Luckily I'm still some way from 80 laugh. (Little over halfway there.)

However, I could do with some of my former fearlessness!

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BTW: Are you related to the tennis player?

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There are some phrases in your original post that I find significant, likewise some absences.


“ever since I started taking music more seriously”

“I practice excellently. I really do” followed by a complex (to me) set of alternative ways of practicing.

“But when I play in front of people (or sometimes in the context of just a complete run through)”

“it ends up happening at least once in every piece I play that has relatively difficult passages.”

“I want to also mention that when I was a teenager and in the beginning of undergrad I did NOT have this problem. I was overall less of a good pianist and musician -- but this didn't happen.”

My comments, mainly questions – which you may have already asked yourself - are speculative and may be way off. How would you describe your level of satisfaction with your playing 'before and after' the more serious approach? How would you describe how much joy playing music gave/gives you 'before and after'? Who do you play for: solely/mainly for yourself, for others, or both somewhat equally? Are you a “Brendel” person (thinking/intellectual, careful/meticulous) or an Argerich person (emotional, edge of control, if she were not so technically brilliant) [You may have different views on these pianists!]

Who do you regard as the most important judge of your performances: you, your teacher, or your audience. What are the differences, if any, in your feelings, between when you practice/play and when you play/perform? What is your emotional reaction to conquering difficult passages and then failing/skipping in performance?

I do not believe it is basically “stage fright'. Maybe you have lost some of the joy; the absence of this word and other emotional words (except fear) may be significant or maybe they are just absent by chance. Your practice routine, which I am sure is fundamentally to be admired, is maybe not quite right for you: how much of a burden does it place on you, investing much time and energy on practice only for those gains to be lost when you play for real.

You appear to be suffering, in any case, from repeating unpleasant experiences so that your fear and/or that phenomenon of ingrained emotional/physical repetition has become frequent/common and I guess some process of cleansing or resetting may be needed. Playing for friends informally and not caring when slips occur? Because you do care – which is necessary for our best playing – but which can also cripple us when things, as now, for you, have gone negative.

Ignore anything (or everything1) that doesn't speak to you. Best wishes.

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True. If you have a portable piano that you can roll around to different rooms, or different locations - and if you really can play that performance consistently and reliably and accurately in all those locations, then it will be a mindset thing only if the issue keeps surfacing in the 'stage' arena - or when there's lots of people, and lots of strangers, and/or the feeling of 'pressure' situation (crunch time). One method is to really do ones best to completely ignore everybody. Or if that doesn't work, then think along the lines of ----- I sure am going to demonstrate what I can do, so that all of you can really enjoy what you're going to get from me. Or think of ----- I love piano so much, that I'm just going to play it to convey what I want them to hear from me. And just play the piano in the way you practised - regardless of what happens. Just keep going.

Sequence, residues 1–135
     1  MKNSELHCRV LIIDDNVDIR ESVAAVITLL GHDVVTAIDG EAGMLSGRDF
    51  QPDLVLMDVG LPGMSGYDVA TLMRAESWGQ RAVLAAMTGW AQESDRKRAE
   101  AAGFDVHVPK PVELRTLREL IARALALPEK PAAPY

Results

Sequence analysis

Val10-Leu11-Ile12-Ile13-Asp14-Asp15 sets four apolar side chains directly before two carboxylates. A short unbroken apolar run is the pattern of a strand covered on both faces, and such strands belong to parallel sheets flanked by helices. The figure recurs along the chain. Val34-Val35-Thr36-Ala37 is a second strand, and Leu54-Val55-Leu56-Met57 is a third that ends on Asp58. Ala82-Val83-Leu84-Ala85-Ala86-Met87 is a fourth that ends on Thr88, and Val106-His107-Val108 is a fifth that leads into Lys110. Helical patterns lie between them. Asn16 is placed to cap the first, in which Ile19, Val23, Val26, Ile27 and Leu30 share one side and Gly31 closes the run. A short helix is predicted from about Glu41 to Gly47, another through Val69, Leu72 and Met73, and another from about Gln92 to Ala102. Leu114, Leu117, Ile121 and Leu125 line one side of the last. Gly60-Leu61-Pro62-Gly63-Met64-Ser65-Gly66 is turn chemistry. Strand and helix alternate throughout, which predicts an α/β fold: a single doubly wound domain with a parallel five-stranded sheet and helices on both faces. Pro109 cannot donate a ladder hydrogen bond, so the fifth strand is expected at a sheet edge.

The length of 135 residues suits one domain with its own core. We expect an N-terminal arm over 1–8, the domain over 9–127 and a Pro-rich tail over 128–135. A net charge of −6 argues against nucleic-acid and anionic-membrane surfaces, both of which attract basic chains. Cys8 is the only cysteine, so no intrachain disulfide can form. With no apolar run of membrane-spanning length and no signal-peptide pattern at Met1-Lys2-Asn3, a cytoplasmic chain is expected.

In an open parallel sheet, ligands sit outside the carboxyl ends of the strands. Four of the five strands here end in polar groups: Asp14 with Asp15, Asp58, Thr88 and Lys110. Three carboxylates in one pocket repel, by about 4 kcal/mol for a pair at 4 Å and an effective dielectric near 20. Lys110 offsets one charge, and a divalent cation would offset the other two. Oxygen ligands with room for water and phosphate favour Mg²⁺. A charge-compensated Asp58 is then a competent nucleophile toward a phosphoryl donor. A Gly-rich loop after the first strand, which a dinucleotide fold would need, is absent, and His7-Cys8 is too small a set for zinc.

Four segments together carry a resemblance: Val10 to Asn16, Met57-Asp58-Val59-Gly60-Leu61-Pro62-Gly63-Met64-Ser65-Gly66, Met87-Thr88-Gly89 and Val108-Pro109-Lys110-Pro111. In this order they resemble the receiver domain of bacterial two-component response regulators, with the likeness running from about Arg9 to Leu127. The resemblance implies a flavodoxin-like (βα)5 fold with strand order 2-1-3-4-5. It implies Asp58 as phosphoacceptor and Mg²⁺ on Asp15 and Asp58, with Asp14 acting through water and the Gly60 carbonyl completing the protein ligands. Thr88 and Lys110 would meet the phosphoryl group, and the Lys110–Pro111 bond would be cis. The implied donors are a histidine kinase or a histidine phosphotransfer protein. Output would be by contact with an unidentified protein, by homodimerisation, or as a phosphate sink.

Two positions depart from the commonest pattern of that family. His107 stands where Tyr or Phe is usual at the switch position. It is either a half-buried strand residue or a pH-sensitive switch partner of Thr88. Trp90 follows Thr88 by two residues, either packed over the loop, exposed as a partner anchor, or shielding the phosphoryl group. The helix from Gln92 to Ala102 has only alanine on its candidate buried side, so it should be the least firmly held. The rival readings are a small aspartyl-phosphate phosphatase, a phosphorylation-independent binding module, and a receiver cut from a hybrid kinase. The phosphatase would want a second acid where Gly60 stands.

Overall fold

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Originally Posted by SouthPark
True. If you have a portable piano that you can roll around to different rooms, or different locations - and if you really can play that performance consistently and reliably and accurately in all those locations, then it will be a mindset thing only if the issue keeps surfacing in the 'stage' arena - or when there's lots of people, and lots of strangers, and/or the feeling of 'pressure' situation (crunch time). One method is to really do ones best to completely ignore everybody. Or if that doesn't work, then think along the lines of ----- I sure am going to demonstrate what I can do, so that all of you can really enjoy what you're going to get from me. Or think of ----- I love piano so much, that I'm just going to play it to convey what I want them to hear from me. And just play the piano in the way you practised - regardless of what happens. Just keep going.


Thinking ‘I’m going to show you how well I play’ doesn’t work for me: it puts the focus on not making mistakes and centers the performance on ME. What works for me is not making the performance sbiut me at all, but only the music: wanting the audience to hear why I find it special, concentrating on the sound, how go I phrase the music so that the audience really hears the lovely phrase; what is the composer saying— how can I emphasize that?


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If one method doesn't work for you ..... then try a different method, or a mix. Although, if the composer isn't around ..... then it's basically you that is putting words into the composer's mouth, and you're really emphasizing what you are actually saying. Your interpretation of it.

It is not about putting focus on not making mistakes. It actually puts focus on showing you at your best ..... which includes playing in the way that you wanted .... including the nuances and interpretation and the control.